J. L. BELL is a Massachusetts writer who specializes in (among other things) the start of the American Revolution in and around Boston. He is particularly interested in the experiences of children in 1765-75. He has published scholarly papers and popular articles for both children and adults. He was consultant for an episode of History Detectives, and contributed to a display at Minute Man National Historic Park.

Follow by Email


Thursday, May 08, 2014

Congress’s Portrait of Bernardo de Gálvez

A couple of folks have pointed us to a Los Angeles Times article that begins:
Teresa Valcarce wants to see Congress keep a promise it made in 1783.

Back then, the year the Revolutionary War ended, Congress agreed to display a portrait of Bernardo de Galvez in the Capitol to honor the Spanish statesman’s efforts to aid the colonies in their struggle against Britain.
But in 1783, there was no “Capitol” for the Continental Congress to make any commitments about. That national legislature met in buildings it borrowed from other governments, including Pennsylvania’s state house (now called Independence Hall) for most of the war.

No one had even conceived of Washington, D.C., yet; the federal Congress agreed to create that national city only in 1790. The Capitol Building was started in 1793, opened for business in 1800, and wasn’t complete (in its first form) until 1826.

So what’s the basis of this newspaper story? On 8 May 1783, the Journals of the Continental Congress state: “A Portrait of Don Galvez was presented to Congress by Oliver Pollock.” North Carolina delegate Hugh Williamson wrote:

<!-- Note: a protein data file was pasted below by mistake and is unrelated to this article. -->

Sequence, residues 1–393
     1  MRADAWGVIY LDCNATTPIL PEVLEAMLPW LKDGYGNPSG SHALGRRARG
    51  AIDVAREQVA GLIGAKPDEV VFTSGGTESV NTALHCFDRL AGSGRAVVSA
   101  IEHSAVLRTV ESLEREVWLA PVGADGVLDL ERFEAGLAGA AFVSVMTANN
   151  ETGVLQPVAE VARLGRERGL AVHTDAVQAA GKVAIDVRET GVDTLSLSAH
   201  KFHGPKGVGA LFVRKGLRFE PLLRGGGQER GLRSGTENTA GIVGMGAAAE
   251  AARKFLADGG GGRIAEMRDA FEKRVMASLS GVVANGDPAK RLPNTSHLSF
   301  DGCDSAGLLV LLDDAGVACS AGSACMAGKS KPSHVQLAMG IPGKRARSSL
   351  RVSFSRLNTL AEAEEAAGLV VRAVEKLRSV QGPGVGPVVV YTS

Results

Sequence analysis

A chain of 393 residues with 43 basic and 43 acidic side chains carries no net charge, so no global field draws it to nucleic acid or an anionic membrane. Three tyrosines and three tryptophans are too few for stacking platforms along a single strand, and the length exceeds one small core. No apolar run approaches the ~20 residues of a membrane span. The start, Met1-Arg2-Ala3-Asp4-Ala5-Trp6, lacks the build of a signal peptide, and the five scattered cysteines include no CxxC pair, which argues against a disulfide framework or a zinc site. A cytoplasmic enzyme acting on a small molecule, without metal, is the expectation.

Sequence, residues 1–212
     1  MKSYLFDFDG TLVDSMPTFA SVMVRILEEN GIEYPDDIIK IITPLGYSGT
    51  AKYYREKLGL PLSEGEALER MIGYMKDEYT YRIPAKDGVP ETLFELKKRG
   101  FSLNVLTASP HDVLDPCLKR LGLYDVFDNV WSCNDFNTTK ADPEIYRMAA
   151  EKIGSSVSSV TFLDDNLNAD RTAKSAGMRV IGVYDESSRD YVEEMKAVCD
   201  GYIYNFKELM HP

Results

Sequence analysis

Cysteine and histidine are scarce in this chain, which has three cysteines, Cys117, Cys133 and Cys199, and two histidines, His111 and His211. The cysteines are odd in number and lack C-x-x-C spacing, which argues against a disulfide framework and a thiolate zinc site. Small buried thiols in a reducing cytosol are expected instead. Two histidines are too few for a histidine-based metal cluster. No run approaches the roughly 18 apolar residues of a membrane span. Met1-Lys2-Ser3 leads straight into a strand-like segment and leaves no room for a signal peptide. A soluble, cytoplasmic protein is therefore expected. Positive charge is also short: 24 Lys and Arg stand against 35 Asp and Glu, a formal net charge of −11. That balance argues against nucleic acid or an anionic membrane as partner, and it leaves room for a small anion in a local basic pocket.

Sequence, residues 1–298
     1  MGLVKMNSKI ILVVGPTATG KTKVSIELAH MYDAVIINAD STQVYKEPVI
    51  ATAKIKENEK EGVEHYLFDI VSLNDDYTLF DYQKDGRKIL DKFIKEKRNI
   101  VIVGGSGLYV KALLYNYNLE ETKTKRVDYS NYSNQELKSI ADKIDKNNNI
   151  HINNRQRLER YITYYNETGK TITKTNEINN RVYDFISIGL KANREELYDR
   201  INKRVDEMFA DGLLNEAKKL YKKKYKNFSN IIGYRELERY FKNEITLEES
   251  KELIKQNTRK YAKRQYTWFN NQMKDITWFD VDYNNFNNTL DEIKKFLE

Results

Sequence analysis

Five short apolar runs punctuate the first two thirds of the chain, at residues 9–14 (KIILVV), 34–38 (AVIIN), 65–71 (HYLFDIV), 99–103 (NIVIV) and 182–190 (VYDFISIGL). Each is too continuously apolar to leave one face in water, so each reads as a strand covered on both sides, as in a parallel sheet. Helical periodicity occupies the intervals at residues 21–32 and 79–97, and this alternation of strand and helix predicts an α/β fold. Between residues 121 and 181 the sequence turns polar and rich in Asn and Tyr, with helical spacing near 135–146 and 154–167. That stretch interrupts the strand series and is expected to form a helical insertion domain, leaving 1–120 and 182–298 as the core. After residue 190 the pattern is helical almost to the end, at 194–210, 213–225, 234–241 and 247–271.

A letter was received from Mr. Oliver Pollock in which he informs Congress that having obtained a portrait of Don B. de Galvez, an early and zealous friend of the U. S., he begs leave to present the same to Congress.
Starting in 1777, Bernardo de Gálvez (1746-1786, shown above) was the Spanish governor of Louisiana. He supported the U.S. of A. in order to weaken Britain in North America, at first by supplying arms and loans and allowing weapons and men to cross Spanish territory. In 1779 the war widened, and Gálvez led Spanish forces in a successful defense against British attacks.

Pollock, who had settled in New Orleans as a merchant before the war, was the U.S. of A.’s agent in Louisiana. He worked closely with Gálvez, borrowing money for Continental troops and even reportedly serving as a military aide. When Pollock gave the Spanish governor’s portrait to the Congress, he was in Philadelphia angling to be appointed U.S. agent in Havana.

In response to Pollock’s gift, the Congress created a three-man committee headed by Thomas Mifflin, who drafted this resolution:
Resolved, That the Secretary inform Mr. Pollock that Congress accept his present of a portrait of Don Bernardo de Galvez late Governor of Louisiana.

Resolved, That the Secretary do cause the same to be placed in the room in which Congress meet.
The L. A. Times article says it’s unclear whether the portrait of Gálvez ever was hung. But in fact on 9 May the Congress’s chairman, Elias Boudinot, wrote back to Pollock:
I have the honor to infom you in answer to your favour of the 7th inst. [i.e., of this month] that Congress have chearfully accepted the portrait of Don Bernardo De Galvez late Govenor of Louisiania in consideration of the early & Zealous friendship of that Gentlemen frequently manifested in behalf of these States, and have directed me to cause it to be hung up in the Hall of the Presidents House.
By “the Presidents House” Boudinot meant the house where he himself was living. Thus, Gálvez’s portrait was kept for a day in the legislative chamber and then moved to the hall of a nearby rented mansion. The Congress never promised to display the portrait permanently, as the newspaper reports Teresa Valcarce interpreting the record.

TOMORROW: And what happened to that portrait?

No comments: